On rare lucky days we had pickled beets, but most often the veggies were tasteless carrot rounds or pulpy, water-logged wax and green beans or, occasionally, hard, overcooked peas and corn niblets. Salad was invariably pale head lettuce with a side packet of Kraft dressing. 

Potatoes were usually reconstituted dehydrated mounds resembling mashed, or slightly crisped wedges dubbed hash browns. I also remember stale, reheated fries and a dark, fork-resistant baked potato.

Some meals seem to have been simply slopped together, with no consideration for balance. Dishes with sides of rice were often followed by rice pudding. The dessert with one of the dreadful mini-meat pies (a few stringy bits of tasteless beef in a gravy-drenched, nuked-to-mush pastry) was a raisin tart.

The broths (with a few veggies added) were weak but potable. There was usually a pastry — invariably too sweet, and one day’s scone was raw in the middle. Sometimes, rarely, there were fresh apple slices or orange segments, but mostly our daily fruit — in an odd-tasting and somewhat slimy syrup— came in plastic containers marked Product of China. 

Patients who can rely on friends or family to bring more palatable foods are the lucky ones. There are restaurants nearby that offer food for takeout, and two in particular were oases in that desert of dreck.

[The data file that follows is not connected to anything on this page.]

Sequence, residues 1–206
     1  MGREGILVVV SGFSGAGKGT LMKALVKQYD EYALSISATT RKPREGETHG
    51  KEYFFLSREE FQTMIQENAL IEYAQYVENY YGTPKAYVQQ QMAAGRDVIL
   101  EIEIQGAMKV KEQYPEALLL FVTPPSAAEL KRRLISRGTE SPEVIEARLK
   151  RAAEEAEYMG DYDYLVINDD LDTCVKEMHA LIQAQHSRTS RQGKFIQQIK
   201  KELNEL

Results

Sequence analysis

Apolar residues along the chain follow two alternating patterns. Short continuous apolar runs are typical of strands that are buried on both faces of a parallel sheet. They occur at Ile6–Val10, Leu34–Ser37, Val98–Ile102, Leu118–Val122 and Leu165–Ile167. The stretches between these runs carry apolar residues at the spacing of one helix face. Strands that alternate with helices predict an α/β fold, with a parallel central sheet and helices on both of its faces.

China City, 1811 Portage Ave., 204-415-1103

I was the lucky recipient of an assortment of dim sum from China City, which I shared with my roommates, who had never even heard of dim sum before and who adored them. These bite-size dumplings are particularly suitable for patients, since most have delicate flavours, light textures, and are often steamed and digestible.

The selection is relatively small and the prices slightly higher than average (most $3.55 to $4.10), but the dumplings also seem seemed bigger than usual. Tops among them are the delectable seafood dumplings stuffed with both shrimp and scallops, but plump har gau shrimp dumplings; eggplant slices topped with shrimp; and slightly glutinous pan-fried shrimp cakes were also delicious.

Meat-eaters should love the pan-fried pork dumplings, the little chunks of ribs steamed with black bean sauce, and — best of all — the open-topped and ultra-meaty deluxe pork dumplings.

Captain’s Table, 1823 Portage Ave., 204-837-3474

Judging by conversations in the dining room, the dish many patients most longed for was fish and chips — previously bought at a now-closed nearby Japanese restaurant. I was able to direct them to the Captain’s Table’s fish and chips, which are among the city’s best.

The batter is thin, crisp and greaseless, and the cod, haddock and halibut all taste moist and fresh. Prices range from $10 to $12 for a single piece, $14 to $16.95 for two with relatively thin chips, and excellent coleslaw and house-made tartar sauce. A richly creamy chowder ($5 a cup, $6 a bowl) is delectable and so is the sticky toffee pudding, even when cold. I will never understand the appeal of mushy peas but for those who do, a side costs $3.


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Updated on Wednesday, November 18, 2015 at 2:46 PM CST: Adds related item.